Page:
Since the 1950s, when he began teaching German history, Professor Mack Walker has been interested in an intellectual phenomenon of the late 17th and early 18th century--a divergence of secular and religious language.
"It has to do with a breaking point in European culture generally, I suppose," Walker said recently, "when worldly language and spiritual language separate out around 1700 as ways to understand and describe experience, and they don't know just what's happening."
About four years ago, Walker began to curtail his teaching at Hopkins in preparation for retirement. He also began looking more closely at this phenomenon. Now, with full retirement approaching at the end of June, Walker has won a Guggenheim Fellowship to pursue this research question.
"It will enable me to continue the research that I've been doing over the past two or three years with resources from the university, which end this year," he said. "This in effect replaces those for a period of a few years."
To get a handle on the very large intellectual question, Walker chose to examine it in terms of two prominent German professors and intellectuals of that time--one a professor of law, and the other a religious leader and organizer.
The two men--Christian Thomasius, the jurist, and August Francke, the pietist preacher--were colleagues for decades and, at intervals, friends, rivals and enemies.
Set at the University of Halle between the 1680s and the 1720s, the oftentimes rancorous dialogue between these two intellectual heavyweights personifies the larger question for Walker.
"They're using very similar language at the start," he said. "For example, Thomasius and Francke use the same words for a breakthrough intellectually, the same words for a religious breakthrough. They use language of illumination or enlightenment for both--that sort of thing. Because of the ambiguity of the situation, they don't quite follow where either one of them is going, you know."
He plans on writing a sort of "dual biography involving the encounters of these people when they're friends, when they're enemies, what the issues are, how they cope with one another and so on. This gives me a way to do it, which is one of the things I had wondered about for a long time."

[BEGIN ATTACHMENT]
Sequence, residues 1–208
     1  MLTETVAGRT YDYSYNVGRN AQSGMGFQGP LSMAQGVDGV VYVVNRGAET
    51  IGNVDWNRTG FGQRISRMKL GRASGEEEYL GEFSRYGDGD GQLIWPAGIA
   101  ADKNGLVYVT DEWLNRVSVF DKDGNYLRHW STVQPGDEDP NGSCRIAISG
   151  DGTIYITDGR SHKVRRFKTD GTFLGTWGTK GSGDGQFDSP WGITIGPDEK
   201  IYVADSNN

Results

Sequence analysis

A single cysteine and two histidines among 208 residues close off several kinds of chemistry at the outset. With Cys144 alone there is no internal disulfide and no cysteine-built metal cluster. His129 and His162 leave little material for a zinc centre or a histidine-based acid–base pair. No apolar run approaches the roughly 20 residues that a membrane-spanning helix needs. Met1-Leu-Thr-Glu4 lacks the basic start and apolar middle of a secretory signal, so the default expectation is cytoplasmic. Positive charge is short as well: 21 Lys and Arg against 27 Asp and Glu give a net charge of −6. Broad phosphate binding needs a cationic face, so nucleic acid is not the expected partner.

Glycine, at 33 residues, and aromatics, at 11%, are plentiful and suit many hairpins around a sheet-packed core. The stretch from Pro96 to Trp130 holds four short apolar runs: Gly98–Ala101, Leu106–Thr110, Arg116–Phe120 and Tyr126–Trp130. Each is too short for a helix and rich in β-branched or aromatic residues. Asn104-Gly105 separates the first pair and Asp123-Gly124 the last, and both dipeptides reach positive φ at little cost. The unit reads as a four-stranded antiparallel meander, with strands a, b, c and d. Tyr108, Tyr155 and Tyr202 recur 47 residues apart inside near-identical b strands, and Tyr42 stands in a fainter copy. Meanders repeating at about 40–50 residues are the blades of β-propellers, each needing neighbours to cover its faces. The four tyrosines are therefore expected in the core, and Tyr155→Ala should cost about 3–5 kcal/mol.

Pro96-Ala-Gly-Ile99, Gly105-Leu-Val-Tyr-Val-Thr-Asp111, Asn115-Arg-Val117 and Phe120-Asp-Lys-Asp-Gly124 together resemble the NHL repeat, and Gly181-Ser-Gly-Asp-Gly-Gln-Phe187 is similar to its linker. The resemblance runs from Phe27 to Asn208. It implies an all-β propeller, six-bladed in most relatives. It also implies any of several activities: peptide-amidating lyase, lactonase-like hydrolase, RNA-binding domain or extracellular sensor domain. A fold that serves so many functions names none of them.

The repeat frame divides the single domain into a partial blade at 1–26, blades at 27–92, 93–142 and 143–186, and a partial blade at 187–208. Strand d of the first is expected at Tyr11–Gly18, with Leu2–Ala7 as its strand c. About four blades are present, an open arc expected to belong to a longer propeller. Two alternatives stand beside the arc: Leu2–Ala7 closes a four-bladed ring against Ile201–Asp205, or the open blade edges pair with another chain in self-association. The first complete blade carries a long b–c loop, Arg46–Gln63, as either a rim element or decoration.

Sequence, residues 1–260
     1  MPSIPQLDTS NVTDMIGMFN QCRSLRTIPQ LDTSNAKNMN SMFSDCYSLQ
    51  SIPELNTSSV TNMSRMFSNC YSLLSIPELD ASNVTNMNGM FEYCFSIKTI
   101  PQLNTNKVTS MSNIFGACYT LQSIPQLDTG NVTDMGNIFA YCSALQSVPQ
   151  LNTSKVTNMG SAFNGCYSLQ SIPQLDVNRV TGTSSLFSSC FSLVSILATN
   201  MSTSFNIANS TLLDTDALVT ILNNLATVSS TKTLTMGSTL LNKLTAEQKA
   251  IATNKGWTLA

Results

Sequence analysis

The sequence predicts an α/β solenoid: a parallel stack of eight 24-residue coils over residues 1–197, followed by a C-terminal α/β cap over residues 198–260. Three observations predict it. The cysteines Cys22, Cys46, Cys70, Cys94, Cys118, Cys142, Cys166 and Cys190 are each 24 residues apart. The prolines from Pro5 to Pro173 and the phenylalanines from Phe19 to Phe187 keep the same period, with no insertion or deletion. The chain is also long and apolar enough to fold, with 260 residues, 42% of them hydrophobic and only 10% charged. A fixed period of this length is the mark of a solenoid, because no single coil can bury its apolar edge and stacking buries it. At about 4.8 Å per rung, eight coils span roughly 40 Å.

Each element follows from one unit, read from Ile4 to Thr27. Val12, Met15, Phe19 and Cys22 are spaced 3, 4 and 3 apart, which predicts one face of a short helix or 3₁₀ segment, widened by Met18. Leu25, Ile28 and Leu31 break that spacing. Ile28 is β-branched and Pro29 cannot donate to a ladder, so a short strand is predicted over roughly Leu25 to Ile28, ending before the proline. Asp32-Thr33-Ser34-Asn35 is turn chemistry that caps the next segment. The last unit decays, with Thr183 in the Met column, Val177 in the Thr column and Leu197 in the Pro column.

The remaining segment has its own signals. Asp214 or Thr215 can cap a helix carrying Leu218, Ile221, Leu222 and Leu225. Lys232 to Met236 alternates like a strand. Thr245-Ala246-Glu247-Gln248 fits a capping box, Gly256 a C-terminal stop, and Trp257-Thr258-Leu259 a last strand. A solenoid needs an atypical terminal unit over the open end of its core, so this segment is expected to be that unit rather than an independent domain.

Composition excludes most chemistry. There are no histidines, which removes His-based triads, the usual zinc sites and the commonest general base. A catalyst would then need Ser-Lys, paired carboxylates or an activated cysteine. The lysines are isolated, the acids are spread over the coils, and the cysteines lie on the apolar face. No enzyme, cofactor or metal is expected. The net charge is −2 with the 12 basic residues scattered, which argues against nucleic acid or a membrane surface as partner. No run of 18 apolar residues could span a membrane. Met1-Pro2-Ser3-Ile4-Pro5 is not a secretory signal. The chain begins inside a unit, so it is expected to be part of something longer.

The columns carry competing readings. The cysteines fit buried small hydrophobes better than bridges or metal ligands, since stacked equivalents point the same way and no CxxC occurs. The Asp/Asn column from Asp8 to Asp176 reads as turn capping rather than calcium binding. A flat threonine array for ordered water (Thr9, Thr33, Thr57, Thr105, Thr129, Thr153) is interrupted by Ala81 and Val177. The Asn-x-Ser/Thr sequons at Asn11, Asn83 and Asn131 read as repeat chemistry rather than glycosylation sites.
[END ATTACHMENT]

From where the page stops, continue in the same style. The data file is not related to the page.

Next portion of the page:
On a personal level, the story of these two men seems quite captivating, even without the larger intellectual question. Walker said, for instance, the two were young junior faculty members at Leipzig, got kicked out together for "being too fresh" with senior faculty, went to the University of Halle together and were, at times, very close friends. Thomasius, for example, used to go to confession before Francke.
His plan for this research is to examine the question through a series of episodes between the two academic leaders.
"I think it's complicated enough to keep me interested, to try to do this right," said Walker, who will turn 70 in June. "Indeed, that's one of the principal reasons I got involved with the Guggenheim, because I wanted to, with retirement, keep active intellectually.
"And now I kind of have to," he added, with a smile.
His Guggenheim award, Walker said, will enable him to continue the research for several more years, including traveling to Germany to examine source material in Berlin and the University of Halle and Francke archives.
Walker, who has been teaching at Hopkins since 1974, has published books on German history and has won other fellowships, including a Guggenheim in 1972, which he turned down because he had also won a fellowship from the National Endowment for the Humanities that same year.
On Tuesday, May 11, Walker will give a valedictory lecture (see Calendar for details).